‘Smartwatch is bad in tracking energy consumption’

‘Smartwatch is bad in tracking energy consumption’


‘Smart’ watches, including the Apple Watch and the Samsung Gear 2, prove difficult to measure how many calories the wearer burns. This is evident from a research where some of the best selling devices were compared.

At the research of Stanford university was the operation of a total of seven devices (Apple Watch, Basis Peak, Fitbit Surge, Microsoft Band, Mio Alpha 2, PulseOn and the Samsung Gear S2). Sixty subjects started with a training session on the treadmill and exercise bike and carried during the move to four of the watches to their wrists.

By the Stanford team was set up with equipment, including a mask on the head, the heart and the energy with scientific precision measured. The results which it stemmed, were compared with the measured heart rate and the energy consumption that the smartwatch portfolio.


This showed that all seven devices more than 20 per cent of the actual energy use systems. The device that is most accurate can be considered, has a afwijkpercentage of 27 percent (the Fitbit Surge). In the PulseOn was even a percentage detected 93 percent.

As regards the heart rate to give the devices a reliable result. That week, an average of five percent of the findings from the analysis of the Stanford team. The researchers dare not to ask how it is that the watches the energy consumption as much as a bad estimate.

“I think it is very difficult to make an algorithm that fits a wide variety of people,” says researcher Anna Shcherbina. “Energy consumption is different when you, for example, note the length and the weight of the person and how much he or she moves.” Because the measurement of the heart rate, a snapshot is concerned it is more logical that this result is much more accurate, says the researcher.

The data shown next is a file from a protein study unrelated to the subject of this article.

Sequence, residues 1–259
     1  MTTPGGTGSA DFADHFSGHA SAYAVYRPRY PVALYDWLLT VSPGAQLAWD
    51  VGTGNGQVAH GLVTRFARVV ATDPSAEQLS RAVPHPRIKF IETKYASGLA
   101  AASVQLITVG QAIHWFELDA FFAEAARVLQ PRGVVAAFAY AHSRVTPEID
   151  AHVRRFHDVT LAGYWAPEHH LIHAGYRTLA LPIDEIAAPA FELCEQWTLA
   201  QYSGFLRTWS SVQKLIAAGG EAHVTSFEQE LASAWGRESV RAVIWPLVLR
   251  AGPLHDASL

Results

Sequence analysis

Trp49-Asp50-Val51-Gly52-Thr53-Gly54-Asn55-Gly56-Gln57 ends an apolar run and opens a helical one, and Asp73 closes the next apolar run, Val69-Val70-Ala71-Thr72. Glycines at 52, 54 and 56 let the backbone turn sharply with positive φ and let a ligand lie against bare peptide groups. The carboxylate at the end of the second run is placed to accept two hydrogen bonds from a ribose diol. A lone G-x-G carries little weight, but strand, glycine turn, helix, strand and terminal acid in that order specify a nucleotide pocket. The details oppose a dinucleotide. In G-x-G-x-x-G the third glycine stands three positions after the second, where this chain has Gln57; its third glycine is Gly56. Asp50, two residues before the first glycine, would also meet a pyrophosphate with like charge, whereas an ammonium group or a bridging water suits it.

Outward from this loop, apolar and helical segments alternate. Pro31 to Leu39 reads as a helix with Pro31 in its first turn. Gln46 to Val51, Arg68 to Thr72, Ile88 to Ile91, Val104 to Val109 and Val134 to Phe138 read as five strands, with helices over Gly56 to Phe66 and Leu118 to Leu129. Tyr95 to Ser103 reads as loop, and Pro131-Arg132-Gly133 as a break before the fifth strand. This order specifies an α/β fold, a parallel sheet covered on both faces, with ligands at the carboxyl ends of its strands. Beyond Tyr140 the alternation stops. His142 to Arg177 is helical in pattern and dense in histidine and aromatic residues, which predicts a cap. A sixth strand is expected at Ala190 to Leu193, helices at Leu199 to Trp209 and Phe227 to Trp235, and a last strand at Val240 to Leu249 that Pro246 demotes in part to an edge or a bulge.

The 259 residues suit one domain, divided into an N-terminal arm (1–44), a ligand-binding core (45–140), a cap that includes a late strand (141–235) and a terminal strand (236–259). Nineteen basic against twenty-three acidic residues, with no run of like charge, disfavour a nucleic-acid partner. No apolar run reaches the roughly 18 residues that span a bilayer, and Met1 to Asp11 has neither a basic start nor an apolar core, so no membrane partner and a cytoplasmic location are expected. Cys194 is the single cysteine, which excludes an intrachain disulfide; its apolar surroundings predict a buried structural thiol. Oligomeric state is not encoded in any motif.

Human biologist Gijs Goossens of the University of Maastricht tells Trouw that it is also of interest is where the device body is placed. “The smartwatch will have a higher energieschatting give quite a back and forth movement of the arm, as in a game of tennis. More than cycling, for example, where the arms are pretty silent.”

Also notable was that the colour of the skin and circumference of the wrist affect the accuracy of heart rate measurement. “That heart rate is measuring them with short pulses led illumination”, says Goossens. “Thus ‘sees’ the watch how much blood due to the pulse flows. At a higher heart rate, there will be per minute more blood to pass through.” The biologist warns of the watches do not use weight, because they may not correctly indicate how much a person needs to move to a certain number of calories to burn.

The results of this research were published in the Journal of Personalized Medicine.

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